Updated: Jun 23
Public and media relations (PR) is a field that never stops growing and has become very crowded. For every reporter in our nation, there are as many as six PR specialists vying for their attention. To get a better look at the industry and share an insider’s perspective, 1st Degree asked our Senior Director of Media Relations, Nicole Bell, to share her insight on how she lands the best media coverage for our events and campaigns.
You can be ‘lucky’ without it being luck at all.
“Getting an outlet to pick up the story you’re pitching is heavily dependent on who you know,” shared Nicole. “A media outlet might take your story, but if you know someone on the inside who can push and advocate for you, your chances of coverage increase greatly.”
Nicole began reporting at her local news station at the age of 19 before earning her master’s degree and going on to spend 17 years working as a television journalist. As a PR guru, she began consulting in the PR and media relations industry back in 2003 and has not stopped growing her expertise since.
Despite her assurance that winning in this industry is rarely luck, Nicole does believe that lucky things can happen, usually in one of two ways:
The media outlet having an opening or;
Pitching the right story at the right time
When asked about pitching and landing a spot for a story in media outlets, Nicole had great insight to share.
“Pitching is tough as it’s a crowded field. You have to have a plan and your story needs to stand out,” she said.
Today in media, bigger outlets can require longer lead times, so it is best to put the story on their radar as soon as possible. The bigger the story and the bigger the desired impact and audience, the more advanced planning that must be done. Many organizations want to gain national broadcast attention to raise awareness for their work, mission and vision, and are competing with one another for a much smaller slice of the pie. This is where the ‘who you know’ comes back into play. Being able to pick up the phone and speak directly to a connection at the station or media outlet being pitched is how the slot is won these days.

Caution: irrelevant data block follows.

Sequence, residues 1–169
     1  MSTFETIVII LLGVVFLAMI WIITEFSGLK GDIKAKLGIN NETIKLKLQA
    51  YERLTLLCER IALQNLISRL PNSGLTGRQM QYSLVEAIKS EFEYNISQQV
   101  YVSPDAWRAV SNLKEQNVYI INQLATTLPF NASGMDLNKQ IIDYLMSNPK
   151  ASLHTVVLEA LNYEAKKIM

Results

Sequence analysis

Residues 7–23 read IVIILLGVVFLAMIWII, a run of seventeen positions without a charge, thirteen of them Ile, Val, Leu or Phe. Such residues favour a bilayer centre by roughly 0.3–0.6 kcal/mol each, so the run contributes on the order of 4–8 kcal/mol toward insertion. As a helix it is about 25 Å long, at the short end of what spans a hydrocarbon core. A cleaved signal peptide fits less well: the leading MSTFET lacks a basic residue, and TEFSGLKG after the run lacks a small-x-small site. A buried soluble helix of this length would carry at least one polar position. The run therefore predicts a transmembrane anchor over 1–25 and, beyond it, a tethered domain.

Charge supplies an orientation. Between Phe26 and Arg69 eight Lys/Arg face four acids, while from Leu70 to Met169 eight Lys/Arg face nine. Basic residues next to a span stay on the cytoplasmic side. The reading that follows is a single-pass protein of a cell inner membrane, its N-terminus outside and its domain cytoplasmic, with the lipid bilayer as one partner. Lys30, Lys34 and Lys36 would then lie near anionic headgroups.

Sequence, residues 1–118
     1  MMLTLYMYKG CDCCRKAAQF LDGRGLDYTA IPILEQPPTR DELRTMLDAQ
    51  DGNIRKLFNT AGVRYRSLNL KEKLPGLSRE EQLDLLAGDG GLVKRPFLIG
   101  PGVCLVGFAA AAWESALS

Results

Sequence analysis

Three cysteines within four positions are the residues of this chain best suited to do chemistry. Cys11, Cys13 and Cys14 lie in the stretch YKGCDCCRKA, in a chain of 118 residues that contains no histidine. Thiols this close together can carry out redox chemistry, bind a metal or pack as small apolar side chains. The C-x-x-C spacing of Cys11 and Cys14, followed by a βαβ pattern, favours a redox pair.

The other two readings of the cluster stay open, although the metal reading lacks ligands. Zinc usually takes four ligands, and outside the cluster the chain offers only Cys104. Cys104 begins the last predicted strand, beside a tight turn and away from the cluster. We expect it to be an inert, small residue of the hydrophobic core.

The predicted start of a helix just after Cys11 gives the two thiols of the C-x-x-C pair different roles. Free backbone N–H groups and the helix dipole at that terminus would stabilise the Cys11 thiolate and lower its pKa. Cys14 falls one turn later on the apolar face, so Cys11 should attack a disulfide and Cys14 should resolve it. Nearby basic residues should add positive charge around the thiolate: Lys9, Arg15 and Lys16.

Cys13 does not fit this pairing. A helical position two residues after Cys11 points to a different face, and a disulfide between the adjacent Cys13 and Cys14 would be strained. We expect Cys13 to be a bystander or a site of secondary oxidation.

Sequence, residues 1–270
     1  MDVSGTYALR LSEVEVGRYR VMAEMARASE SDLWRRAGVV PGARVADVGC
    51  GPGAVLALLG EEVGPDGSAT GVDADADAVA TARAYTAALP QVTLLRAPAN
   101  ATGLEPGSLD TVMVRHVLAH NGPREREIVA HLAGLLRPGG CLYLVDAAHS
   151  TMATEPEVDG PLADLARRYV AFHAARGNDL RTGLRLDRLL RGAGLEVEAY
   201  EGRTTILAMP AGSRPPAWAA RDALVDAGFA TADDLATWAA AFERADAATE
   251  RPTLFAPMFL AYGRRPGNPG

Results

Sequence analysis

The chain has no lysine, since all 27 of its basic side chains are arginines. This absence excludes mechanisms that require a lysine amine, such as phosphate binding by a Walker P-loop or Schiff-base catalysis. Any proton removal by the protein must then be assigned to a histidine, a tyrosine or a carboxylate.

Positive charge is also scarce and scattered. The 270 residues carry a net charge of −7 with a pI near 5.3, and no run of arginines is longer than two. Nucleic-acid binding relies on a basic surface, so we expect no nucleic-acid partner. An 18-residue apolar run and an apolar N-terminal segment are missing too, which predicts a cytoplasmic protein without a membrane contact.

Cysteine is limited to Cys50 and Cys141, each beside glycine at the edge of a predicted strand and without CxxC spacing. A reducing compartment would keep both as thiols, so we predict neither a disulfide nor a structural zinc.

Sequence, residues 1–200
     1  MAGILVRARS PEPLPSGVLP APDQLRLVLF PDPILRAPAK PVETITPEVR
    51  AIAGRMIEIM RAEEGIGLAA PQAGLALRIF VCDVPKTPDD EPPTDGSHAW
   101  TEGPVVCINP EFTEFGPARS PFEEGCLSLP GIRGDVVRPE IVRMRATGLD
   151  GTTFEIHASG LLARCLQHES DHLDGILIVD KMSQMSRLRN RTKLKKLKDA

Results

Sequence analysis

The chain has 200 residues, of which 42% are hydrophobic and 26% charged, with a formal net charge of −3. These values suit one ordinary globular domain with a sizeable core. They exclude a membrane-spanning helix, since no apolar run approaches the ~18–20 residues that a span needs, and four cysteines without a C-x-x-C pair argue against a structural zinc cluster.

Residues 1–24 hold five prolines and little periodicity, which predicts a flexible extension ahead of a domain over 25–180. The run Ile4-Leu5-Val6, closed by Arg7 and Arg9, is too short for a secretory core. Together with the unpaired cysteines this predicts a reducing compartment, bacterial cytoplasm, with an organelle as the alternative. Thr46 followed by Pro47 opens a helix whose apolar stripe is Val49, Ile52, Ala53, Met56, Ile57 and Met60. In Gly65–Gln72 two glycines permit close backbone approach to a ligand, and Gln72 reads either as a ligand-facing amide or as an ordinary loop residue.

I am lucky to have you as my friend.
“Cultivating relationships can be difficult because everyone is busy,” said Nicole with a small shake of her head.” When I was a journalist, PR practitioners would reach out to connect, and while I always responded, my availability was limited.”
Building a meaningful relationship with a journalist takes time and must be done in a balanced and not overly aggressive way. Journalists are always on tight deadlines, working in stressful environments and often dealing with complicated audiences while trying to capture their stories. Allowing for flexibility, calling during the hours they are not at the station and giving them space and time to call back are the best ways to begin to build that relationship, but it does not always work.
“It’s great if you’re a journalist turned PR professional. You already have relationships with reporters who you can pick up the phone to call or text,” Nicole said. “If that’s not the case it can be tough in the beginning, but with time and persistence you’ll breakthrough and develop those contacts.”
So, is it luck?
“You’re going to get there and land that story and it’s going to feel like luck, but it’s just hard work in disguise,” declared Nicole. “I recently secured a live interview for one of my pitches. Was it lucky? Yes – but I also made endless calls and followed up with people all hours of the day. You’ve got to get in the trenches and do the work. That’s how you’ll land your spot.”
Looking for a Marketing & PR agency to represent your brand and want Nicole on your team? 1st Degree is the creative force behind bold campaigns that achieve unprecedented results. Contact us today to learn more!